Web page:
The time has now come when we see the need to make careful linguistic distinctions between these various methods of image making. Just as silver gelatin printing can be seen as a subset of a larger field of print making, so too is droplet-applied, computer-controlled printing an entirely distinct form of print making. Many examples of this technology are seen to be photographic in origin, as the original image is derived from a light-sensitive capture medium: film or electronic. But the essence of the new printing technology is not a process that relies on light sensitive materials. In that sense it is not a photographic process, unlike a darkroom produced print that would be made from an optical image projected, or contact printed, onto silver gelatin or other light sensitive paper.

I suspect a lot of the confusion over terminology is the result of the Internet, where electronic facsimile of imagery can be exchanged and discussed as if they were the art objects themselves. We have gotten so used to this form of art appreciation that we tend to lose sight of the finished print.

Terminology, the names we give to things, in large measure determine what we think, and therefore affect our relationship to the named world. The difficulty in refining our terminology is that ‘writing with light’ – as photography literally implies – can be done at the front-end of the process, using film cameras, digital cameras or scanners, or can also be done at the back-end of the process, using a transparent, image-bearing medium with which to print onto light sensitive paper a photographic image. Our problem is that both processes can be deemed ‘photographic’ in nature. What we lack is a carefully defined set of terminologies that keeps explicitly distinct each method’s peculiarities.

The language of culture has not kept pace with the rate of change in technology itself, with change occurring so rapidly that we have lost the ability to accurately describe it. This phenomenon I suspect to be at the root of the ever-present arguments over the merits and distinctions between what has been termed “digital photography” and “analog photography.”

One possible way out of the terminology quagmire is to take up a practice employed in the early days of the Compact Disc digital audio format: use a series of letters to denote whether each step of the process was analog or digital. For instance, a film negative, exposed in a film camera, conventionally processed and darkroom printed onto silver gelatin paper might be given the code letters “AA”, to indicate analog at both the image capture and printing stages. Conversely, an image derived from a digital camera, then manipulated in Photoshop and digitally printed, would be denoted as “DDD.”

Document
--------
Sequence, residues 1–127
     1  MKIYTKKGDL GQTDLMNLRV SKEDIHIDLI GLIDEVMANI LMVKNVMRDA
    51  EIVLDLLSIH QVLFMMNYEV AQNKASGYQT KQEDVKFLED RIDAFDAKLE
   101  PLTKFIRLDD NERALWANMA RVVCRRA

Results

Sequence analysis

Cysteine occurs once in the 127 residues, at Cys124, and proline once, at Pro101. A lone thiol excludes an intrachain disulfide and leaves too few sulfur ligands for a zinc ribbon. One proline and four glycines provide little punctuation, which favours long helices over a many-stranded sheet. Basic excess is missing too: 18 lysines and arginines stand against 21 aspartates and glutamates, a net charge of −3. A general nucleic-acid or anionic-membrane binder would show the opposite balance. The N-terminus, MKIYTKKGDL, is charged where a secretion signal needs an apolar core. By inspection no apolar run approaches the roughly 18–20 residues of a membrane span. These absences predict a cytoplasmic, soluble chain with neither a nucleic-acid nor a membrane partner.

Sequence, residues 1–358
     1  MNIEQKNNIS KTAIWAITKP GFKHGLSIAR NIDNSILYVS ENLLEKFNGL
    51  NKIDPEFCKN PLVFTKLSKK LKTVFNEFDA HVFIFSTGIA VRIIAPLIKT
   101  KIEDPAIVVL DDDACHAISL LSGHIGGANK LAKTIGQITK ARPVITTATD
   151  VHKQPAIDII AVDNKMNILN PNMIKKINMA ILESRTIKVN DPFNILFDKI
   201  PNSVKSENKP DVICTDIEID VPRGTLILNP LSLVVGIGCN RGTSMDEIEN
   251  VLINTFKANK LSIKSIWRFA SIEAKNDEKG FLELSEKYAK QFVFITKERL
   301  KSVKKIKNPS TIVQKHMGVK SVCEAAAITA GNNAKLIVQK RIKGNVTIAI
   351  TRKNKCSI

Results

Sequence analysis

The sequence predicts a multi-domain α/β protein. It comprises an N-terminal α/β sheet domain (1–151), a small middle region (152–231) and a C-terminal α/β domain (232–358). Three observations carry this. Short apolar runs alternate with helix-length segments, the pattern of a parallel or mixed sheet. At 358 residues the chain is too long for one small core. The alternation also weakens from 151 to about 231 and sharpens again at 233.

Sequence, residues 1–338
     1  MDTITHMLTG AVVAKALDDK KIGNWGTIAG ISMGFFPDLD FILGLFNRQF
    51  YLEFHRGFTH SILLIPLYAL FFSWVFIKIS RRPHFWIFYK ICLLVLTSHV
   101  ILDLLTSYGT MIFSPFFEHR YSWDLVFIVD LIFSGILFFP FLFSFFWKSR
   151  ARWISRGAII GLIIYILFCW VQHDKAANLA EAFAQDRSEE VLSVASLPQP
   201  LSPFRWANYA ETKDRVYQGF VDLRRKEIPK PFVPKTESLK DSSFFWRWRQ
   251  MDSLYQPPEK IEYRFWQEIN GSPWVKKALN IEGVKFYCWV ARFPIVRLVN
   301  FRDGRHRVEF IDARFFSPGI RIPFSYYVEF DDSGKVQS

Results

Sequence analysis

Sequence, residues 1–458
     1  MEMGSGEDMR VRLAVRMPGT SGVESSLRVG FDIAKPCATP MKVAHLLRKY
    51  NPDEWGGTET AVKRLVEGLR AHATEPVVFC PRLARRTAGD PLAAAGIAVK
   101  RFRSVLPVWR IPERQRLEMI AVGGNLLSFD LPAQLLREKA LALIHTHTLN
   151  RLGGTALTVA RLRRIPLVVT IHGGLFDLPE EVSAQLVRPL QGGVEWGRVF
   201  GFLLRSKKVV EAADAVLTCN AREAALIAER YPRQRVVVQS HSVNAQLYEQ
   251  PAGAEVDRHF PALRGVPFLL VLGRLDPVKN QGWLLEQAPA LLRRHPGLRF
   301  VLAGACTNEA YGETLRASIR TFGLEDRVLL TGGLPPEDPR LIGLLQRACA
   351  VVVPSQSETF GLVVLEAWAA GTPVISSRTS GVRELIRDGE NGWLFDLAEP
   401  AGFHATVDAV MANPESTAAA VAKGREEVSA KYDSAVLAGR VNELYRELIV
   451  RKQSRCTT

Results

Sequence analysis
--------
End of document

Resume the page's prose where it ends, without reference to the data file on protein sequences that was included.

Hybrid workflow can also be accurately described using this abbreviated terminology; for instance, an image from a digital camera, printed onto a transparency as a ‘digital negative’ and contact printed using a wet process would be labeled “DDA.” Or a paper negative from a pinhole camera can be scanned, manipulated and then printed digitally as a type “ADD.”

As a final note, I should mention that, while perusing magazines recently, I noticed the venerable “Popular Photography” periodical now has a subtitle: “…and Imaging.” It seems that other folks than just me have observed the need to clarify the terminology of the art of image making. In the case of Pop Photo, are we to assume that recent technological changes imply a method of image making other than photographic? Hmm, interesting. Who would have thunk that Pop Photo would make editorial assumptions that imply digital photography is “imaging”, rather than photography? Does that mean it is something other than photography?

I think that we have not yet left the terminology quagmire.